But how and why did this road on the beach become a venue for motoring events.
You will be aware that the speed of the early motor cars (the horseless carriage) was limited by law to walking speed (2 mph in town, and 4 mph in the countryside) and that the car had to be preceded by a person carrying a red flag. That law was abolished in 1896 and as it happened a celebratory run from London to Brighton was organised - which incidentally was won by a steam-engined car!
In 1905 Harry Preston, owner of the Royal York Hotel in the Old Steine, and who was both a motoring and flying enthusiast, proposed to the local council that Madeira Road (Drive) be resurfaced with tarmac, and be the venue for a Motor Race Week. The event was a great success and the top speed achieved was a very impressive 97 mph!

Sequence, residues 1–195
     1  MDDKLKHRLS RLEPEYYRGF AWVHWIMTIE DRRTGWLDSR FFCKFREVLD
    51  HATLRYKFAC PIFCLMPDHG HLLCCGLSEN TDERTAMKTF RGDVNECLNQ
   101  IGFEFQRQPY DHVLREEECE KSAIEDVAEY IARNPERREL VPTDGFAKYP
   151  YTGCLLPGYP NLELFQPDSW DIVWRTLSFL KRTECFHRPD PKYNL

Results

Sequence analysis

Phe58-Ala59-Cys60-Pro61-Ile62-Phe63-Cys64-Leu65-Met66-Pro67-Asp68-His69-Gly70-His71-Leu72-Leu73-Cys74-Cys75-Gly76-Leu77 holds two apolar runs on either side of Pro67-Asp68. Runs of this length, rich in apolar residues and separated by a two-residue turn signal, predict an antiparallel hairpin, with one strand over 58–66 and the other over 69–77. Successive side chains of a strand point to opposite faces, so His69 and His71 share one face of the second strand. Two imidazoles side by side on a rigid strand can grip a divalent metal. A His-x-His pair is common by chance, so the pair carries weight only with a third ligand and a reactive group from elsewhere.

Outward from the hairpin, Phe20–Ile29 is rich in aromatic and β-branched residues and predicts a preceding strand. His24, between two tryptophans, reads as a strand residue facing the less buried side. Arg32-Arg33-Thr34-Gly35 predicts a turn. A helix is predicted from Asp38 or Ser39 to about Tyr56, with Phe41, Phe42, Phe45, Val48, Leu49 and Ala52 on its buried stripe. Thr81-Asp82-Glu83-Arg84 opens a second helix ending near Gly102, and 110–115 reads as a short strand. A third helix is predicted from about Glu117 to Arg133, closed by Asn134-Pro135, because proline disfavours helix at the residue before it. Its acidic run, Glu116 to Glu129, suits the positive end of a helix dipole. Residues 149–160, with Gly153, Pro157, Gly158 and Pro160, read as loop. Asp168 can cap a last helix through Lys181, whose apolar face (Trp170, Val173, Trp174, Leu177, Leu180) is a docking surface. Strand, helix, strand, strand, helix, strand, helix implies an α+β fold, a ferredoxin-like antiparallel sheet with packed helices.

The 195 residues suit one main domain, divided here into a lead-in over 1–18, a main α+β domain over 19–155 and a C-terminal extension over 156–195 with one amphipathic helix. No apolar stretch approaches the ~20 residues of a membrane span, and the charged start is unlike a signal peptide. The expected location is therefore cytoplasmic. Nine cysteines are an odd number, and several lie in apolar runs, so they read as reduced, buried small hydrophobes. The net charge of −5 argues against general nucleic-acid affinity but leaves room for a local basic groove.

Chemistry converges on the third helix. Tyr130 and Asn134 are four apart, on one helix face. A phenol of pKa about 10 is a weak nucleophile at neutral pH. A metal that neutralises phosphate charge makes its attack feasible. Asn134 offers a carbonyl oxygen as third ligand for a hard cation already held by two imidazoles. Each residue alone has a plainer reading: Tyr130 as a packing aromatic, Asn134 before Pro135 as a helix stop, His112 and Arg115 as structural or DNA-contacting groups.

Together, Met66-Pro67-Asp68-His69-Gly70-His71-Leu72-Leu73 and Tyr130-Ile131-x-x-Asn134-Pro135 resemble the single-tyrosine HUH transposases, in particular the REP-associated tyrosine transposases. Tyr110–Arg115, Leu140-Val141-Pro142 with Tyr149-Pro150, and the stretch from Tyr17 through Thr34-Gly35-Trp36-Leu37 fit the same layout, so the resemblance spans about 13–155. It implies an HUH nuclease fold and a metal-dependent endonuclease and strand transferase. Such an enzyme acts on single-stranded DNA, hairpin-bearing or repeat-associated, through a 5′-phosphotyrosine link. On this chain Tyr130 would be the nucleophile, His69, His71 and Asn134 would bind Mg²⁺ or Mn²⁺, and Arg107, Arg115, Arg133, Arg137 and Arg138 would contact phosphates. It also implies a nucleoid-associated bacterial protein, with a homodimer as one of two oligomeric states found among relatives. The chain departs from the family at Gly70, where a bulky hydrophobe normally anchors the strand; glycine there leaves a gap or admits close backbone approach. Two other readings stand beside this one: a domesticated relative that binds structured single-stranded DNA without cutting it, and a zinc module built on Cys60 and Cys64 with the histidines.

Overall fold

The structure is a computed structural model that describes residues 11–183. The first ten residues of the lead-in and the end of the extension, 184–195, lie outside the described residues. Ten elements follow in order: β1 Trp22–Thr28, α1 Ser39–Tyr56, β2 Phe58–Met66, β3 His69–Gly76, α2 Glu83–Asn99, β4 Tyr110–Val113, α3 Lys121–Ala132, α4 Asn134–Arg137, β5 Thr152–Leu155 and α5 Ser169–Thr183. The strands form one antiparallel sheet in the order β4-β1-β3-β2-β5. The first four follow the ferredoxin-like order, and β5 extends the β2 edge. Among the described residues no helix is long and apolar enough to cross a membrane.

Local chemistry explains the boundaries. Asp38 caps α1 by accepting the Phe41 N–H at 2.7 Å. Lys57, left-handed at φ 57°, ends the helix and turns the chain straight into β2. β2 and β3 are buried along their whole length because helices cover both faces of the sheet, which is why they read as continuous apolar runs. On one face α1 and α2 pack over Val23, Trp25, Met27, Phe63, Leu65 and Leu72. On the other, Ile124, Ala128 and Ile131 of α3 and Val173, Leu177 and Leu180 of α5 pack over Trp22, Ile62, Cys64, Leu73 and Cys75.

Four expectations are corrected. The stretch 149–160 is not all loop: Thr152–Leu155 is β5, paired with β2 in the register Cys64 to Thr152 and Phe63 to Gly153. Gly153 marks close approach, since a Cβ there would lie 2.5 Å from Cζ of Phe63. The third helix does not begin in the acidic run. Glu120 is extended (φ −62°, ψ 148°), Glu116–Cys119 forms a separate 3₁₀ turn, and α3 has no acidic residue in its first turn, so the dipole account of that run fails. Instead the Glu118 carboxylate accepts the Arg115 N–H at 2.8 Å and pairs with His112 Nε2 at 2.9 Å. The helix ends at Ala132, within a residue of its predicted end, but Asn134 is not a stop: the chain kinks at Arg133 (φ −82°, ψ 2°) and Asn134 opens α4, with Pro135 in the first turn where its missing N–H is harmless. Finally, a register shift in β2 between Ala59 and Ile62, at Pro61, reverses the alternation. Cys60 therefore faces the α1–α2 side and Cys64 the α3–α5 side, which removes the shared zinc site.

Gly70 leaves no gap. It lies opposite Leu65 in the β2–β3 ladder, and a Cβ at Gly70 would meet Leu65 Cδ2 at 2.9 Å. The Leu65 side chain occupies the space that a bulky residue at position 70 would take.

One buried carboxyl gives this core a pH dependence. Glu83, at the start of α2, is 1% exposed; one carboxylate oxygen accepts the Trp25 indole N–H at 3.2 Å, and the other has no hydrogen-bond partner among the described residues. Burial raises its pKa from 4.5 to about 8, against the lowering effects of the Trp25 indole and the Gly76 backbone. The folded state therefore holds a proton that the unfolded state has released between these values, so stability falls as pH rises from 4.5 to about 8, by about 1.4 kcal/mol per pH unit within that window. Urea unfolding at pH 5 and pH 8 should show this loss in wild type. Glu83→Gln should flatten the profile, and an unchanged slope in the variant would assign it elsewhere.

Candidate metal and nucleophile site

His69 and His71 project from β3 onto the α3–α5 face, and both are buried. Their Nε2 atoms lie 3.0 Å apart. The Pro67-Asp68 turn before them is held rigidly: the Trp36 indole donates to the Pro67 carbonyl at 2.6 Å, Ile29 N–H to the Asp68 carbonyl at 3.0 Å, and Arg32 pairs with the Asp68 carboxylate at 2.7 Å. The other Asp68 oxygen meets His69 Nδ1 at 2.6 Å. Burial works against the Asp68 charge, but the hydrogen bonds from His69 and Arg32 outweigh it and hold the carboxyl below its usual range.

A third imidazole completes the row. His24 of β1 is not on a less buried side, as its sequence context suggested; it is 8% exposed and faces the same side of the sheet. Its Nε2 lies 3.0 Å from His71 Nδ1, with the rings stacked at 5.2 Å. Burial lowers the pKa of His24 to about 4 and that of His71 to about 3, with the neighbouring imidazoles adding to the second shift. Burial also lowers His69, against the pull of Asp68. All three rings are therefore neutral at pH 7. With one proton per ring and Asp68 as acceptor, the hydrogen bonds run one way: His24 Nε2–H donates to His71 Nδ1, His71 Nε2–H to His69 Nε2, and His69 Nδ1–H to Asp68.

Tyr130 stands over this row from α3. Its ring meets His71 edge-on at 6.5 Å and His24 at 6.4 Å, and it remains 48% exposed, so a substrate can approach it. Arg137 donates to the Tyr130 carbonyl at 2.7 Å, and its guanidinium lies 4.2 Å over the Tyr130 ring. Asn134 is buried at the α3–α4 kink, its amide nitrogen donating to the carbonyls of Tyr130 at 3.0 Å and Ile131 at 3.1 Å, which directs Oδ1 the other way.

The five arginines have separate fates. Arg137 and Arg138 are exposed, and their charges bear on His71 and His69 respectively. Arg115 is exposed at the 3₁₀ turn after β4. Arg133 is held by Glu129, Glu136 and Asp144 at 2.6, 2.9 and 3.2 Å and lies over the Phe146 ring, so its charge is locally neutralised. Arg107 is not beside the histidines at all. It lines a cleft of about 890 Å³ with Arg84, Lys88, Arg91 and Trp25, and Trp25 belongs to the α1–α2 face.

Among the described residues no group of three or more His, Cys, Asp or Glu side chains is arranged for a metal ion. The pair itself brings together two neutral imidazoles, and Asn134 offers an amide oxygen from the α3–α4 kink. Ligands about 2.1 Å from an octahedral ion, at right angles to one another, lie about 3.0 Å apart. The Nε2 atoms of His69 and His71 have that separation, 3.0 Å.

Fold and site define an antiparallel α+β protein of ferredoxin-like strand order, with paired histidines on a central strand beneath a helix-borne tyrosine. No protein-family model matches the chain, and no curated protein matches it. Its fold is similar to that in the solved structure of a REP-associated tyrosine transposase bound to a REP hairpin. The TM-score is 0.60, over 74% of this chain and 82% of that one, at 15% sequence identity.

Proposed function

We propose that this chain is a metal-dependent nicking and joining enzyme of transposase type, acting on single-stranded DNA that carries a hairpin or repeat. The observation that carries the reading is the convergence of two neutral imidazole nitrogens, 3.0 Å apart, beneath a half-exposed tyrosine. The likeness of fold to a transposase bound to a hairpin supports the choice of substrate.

The National Speed Trials have continued ever since, and today is a one-day event in September.
Many other motoring events have found their way to Madeira Drive. In 2006 the Historic Commercial Vehicle Society held their 45th London to Brighton Run. More are likely in future years. For example, an official scooter run wouldn't surprise me; there already seems to be an unofficial one.